South Africa: Second recession in less than a decade

What do you call a country who has experienced a second recession in less than ten years?

Disaster?

I call it South Africa. Yes, you read it right.

South Africa is now officially in its first recession since 2009 after gross domestic product (GDP) shrank by 0.7% in the first quarter of the year, following a 0.3% contraction in the last quarter of 2016.

But why should the decline of GDP for two consecutive quarters be a reason to worry?

In economics, it a rule of thumb that if an economy suffers negative GDP growth for two consecutive quarters, it’s a recession. It refers to shrinking economic output, sometimes also known as negative economic growth or economic decline which are never good signs. In South Africa’s case, it’s particularly serious because the country needs strong economic growth to reduce its unemployment which is a little less than 28%.

What caused it?

The downturn was caused by a sharp contraction in trade, which fell by 5.9% and accounted for minus 0.8 percent in the growth rate. Production in the trade sector dropped across all divisions, particularly in catering, accommodation and wholesale trade, Stats SA reported. Manufacturing output also shrank by 3.7%, while government and household spending both fell too.

There was some positive news in the farming and mining sectors growing at 12.8 percent and 22.2 percent respectively in the period. Mining’s growth was mainly as a result of the rise in gold and platinum production.

While rain is helping the economy recover from a 2015 drought that was the worst since records started more than a century earlier, political uncertainty has hampered growth, reported Bloomberg.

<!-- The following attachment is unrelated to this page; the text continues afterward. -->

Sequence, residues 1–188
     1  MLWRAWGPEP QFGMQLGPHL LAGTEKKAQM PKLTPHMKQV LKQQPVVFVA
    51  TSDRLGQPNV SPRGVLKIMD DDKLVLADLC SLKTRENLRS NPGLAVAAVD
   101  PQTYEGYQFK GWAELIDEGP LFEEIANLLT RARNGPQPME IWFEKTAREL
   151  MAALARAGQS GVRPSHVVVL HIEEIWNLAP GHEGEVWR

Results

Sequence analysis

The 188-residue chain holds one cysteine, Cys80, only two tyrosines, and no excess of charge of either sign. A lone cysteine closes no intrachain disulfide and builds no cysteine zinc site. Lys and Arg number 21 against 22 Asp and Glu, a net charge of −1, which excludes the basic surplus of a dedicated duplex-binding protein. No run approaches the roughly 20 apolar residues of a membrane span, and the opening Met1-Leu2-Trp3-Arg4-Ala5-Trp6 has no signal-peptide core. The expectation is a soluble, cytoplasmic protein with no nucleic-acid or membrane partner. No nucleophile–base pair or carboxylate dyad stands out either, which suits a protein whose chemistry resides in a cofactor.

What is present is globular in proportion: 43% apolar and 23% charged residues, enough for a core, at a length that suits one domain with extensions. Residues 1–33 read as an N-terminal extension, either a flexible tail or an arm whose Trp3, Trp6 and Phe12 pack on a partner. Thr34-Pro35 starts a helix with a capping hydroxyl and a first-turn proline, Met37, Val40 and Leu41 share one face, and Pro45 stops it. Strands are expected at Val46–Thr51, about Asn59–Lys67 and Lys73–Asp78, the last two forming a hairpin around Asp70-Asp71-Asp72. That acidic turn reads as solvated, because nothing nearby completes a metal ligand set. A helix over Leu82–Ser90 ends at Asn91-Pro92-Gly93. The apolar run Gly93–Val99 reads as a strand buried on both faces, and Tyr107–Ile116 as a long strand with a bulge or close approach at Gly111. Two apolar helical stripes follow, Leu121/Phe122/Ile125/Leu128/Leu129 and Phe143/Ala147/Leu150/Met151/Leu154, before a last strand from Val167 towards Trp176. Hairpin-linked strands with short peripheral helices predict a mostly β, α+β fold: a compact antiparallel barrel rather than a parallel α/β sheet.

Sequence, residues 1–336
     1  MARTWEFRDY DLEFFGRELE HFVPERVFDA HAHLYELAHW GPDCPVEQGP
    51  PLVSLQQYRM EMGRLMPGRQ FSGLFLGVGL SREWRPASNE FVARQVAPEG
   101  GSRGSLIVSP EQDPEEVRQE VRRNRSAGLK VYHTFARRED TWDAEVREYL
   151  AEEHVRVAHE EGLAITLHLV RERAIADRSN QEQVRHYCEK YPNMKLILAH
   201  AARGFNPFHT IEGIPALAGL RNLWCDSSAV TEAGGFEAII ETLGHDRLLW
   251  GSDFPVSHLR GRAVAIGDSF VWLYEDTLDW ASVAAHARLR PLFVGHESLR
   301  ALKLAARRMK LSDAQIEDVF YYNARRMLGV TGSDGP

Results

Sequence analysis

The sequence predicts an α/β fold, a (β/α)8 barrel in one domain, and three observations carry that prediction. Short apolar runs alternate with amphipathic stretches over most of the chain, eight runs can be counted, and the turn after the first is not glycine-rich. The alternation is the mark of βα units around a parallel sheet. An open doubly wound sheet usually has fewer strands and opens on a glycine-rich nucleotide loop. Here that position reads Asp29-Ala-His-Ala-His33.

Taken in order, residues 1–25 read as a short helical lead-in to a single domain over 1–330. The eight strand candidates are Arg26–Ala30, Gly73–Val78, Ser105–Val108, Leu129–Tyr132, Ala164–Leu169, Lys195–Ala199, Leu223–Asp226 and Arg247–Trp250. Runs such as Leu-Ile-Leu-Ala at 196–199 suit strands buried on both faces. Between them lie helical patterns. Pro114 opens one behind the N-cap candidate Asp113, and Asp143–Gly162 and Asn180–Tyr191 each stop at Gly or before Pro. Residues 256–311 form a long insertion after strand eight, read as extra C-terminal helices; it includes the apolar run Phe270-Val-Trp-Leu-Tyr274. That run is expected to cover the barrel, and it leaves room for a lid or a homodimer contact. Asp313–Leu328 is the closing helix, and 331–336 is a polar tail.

Government agency Stats SA has tweeted the key points:

 

Stats SA continued:

Possibly the most important aspect of the first quarter’s results is the tertiary sector. The sector – comprising finance, transport, trade, government and personal services – recorded its first quarter of decline since the second quarter of 2009, when South Africa was in a recession as well.

According to Bloomberg, economists and business executives agree that this time, it is caused by Jacob Zuma – Mr. president.

President Jacob Zuma changed his Cabinet and fired Pravin Gordhan as finance minister in March, a move that saw the nation lose its investment-grade status with two rating companies for the first time in 17 years.

“There is no other factor to explain the recession,” said Iraj Abedian, chief executive officer at Pan-African Investments and Research Services in Johannesburg. “The only factor is the political shenanigans, policy uncertainty and the lack of leadership, which has hollowed out confidence both in the consumer and the investment community.”

Gordhan, who had been driving efforts to trim the budget deficit, improve state firms’ performance and ward off junk credit ratings, was canned in a March 31 cabinet shuffle, prompting two rating downgraded to non-investment levels within a week and nationwide demonstrations.

“There’s been a massive loss of confidence,” Graham O’Connor, the CEO of Spar Group Ltd., a food, and liquor retailer with more than 2,000 outlets in southern Africa, said by phone. “All of us are disappointed by the firing of Gordhan, and the cabinet reshuffle just breeds uncertainty and that’s not what we want.”

How to get out of it?

Improving credit ratings can get the economy on track by encouraging others to invest. Investment is required to get South Africa out of its depressed economic conditions. The investment will boost demand in the economy, with positive spill-over effects on a number of sectors.

Moody’s upcoming decision regarding the credit rating would be a critical moment. This after two big rating agencies Fitch Ratings and Standard & Poors downgraded some of South Africa’s instruments into the sub-investment grade. A downgrade from Moodys’ will trigger massive capital flights which will exert further pressure on the economy.

 

Leave a Reply

Fill in your details below or click an icon to log in:

WordPress.com Logo

You are commenting using your WordPress.com account. Log Out / Change )

Twitter picture

You are commenting using your Twitter account. Log Out / Change )

Facebook photo

You are commenting using your Facebook account. Log Out / Change )

Google+ photo

You are commenting using your Google+ account. Log Out / Change )

Connecting to %s